One thing I’ve noticed about lonely people is that there’s certain dates in the year when we tend to get people who’ve been dead in their homes for quite a while; Mother’s Day, Christmas and also July when people come back from their holidays,’ Paavo, a funeral car driver sighs to his friend Tuomo. Nights on-call are spent in the garage knocking back endless cups of coffee, talking about anything and everything. When the phone goes, so do the men. Otherwise their time is spent changing tyres, fixing and polishing the cars.
How is it possible, in a welfare state like Finland, that people are dying alone. And living alone. Has the Finnish system gone too far in promising to care for your grandmother? Is it so that you don’t have to? Families no longer know one another, neighbours don’t look after each other’s children or notice if someone has not left their home for years. As long as the bills are paid by direct debit every month, no one reacts to the eternal silence of the lonely dead.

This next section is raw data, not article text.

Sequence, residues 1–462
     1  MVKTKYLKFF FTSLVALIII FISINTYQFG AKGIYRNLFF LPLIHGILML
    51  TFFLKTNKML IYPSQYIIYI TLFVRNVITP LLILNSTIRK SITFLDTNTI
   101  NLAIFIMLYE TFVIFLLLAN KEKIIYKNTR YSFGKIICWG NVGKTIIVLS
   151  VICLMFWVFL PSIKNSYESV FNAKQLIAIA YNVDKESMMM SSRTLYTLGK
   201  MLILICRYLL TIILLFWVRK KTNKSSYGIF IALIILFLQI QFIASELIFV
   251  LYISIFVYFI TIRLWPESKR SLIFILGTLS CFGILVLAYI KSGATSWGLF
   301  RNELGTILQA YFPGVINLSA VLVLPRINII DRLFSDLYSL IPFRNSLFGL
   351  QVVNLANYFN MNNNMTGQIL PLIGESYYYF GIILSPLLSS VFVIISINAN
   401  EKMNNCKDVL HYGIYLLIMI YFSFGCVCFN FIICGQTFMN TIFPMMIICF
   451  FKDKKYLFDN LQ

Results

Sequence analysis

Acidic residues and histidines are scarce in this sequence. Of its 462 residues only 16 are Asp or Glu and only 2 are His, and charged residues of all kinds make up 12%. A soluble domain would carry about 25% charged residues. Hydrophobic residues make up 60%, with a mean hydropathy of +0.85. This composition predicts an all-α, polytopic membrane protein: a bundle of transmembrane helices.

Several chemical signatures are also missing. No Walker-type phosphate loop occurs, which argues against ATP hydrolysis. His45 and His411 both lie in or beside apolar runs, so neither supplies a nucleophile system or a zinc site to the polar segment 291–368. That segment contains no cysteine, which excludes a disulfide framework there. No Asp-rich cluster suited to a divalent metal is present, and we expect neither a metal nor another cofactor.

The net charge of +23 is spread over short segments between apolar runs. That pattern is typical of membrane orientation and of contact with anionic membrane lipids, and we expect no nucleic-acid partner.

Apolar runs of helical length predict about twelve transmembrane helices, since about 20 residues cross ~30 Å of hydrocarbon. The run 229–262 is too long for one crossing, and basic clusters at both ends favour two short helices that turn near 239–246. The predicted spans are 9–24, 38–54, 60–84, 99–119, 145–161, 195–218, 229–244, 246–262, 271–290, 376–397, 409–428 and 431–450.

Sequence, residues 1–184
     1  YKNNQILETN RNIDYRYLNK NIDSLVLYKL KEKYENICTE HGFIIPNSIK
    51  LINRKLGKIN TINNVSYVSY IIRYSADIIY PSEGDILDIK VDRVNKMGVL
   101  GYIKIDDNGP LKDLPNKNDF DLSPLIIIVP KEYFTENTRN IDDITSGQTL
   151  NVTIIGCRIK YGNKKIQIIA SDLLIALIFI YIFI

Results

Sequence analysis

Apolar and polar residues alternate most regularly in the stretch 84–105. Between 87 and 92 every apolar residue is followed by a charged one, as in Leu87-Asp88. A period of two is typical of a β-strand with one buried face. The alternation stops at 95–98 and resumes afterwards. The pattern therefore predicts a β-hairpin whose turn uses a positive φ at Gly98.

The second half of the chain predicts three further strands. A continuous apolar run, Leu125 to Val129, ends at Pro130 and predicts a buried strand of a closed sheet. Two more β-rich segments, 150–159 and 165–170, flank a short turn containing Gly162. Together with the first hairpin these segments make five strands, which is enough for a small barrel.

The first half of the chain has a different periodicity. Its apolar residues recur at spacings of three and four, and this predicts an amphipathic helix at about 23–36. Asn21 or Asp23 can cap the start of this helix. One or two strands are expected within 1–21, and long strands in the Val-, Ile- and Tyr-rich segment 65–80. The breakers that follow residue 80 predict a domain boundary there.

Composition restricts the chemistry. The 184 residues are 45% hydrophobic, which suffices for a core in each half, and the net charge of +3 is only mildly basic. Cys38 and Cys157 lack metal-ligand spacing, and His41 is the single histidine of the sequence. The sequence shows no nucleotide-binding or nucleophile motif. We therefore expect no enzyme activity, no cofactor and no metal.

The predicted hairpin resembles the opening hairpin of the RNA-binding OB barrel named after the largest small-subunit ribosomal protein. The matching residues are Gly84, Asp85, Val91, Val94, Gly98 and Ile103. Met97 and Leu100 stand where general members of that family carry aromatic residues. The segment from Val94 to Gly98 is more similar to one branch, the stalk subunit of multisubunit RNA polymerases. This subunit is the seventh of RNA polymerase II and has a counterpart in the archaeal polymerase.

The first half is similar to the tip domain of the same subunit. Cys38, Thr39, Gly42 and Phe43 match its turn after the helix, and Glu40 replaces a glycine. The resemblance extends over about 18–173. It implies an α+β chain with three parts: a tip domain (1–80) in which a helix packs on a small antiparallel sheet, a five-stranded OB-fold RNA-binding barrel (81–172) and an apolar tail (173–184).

One day I’m watching the news and I see their hearse lying on it’s roof in the middle of the highway. I don’t have the courage to call either one. The following week Tuomo calls me and tells me his father-figure and best friend has passed away on his way to work. Me and Tuomo drive Paavo to his funeral and film a new ending for the story. We pass the accident site while Tuomo talks about their friendship and Paavo’s last day. Him and an old detective friend bury Paavo in the coldest winter evening.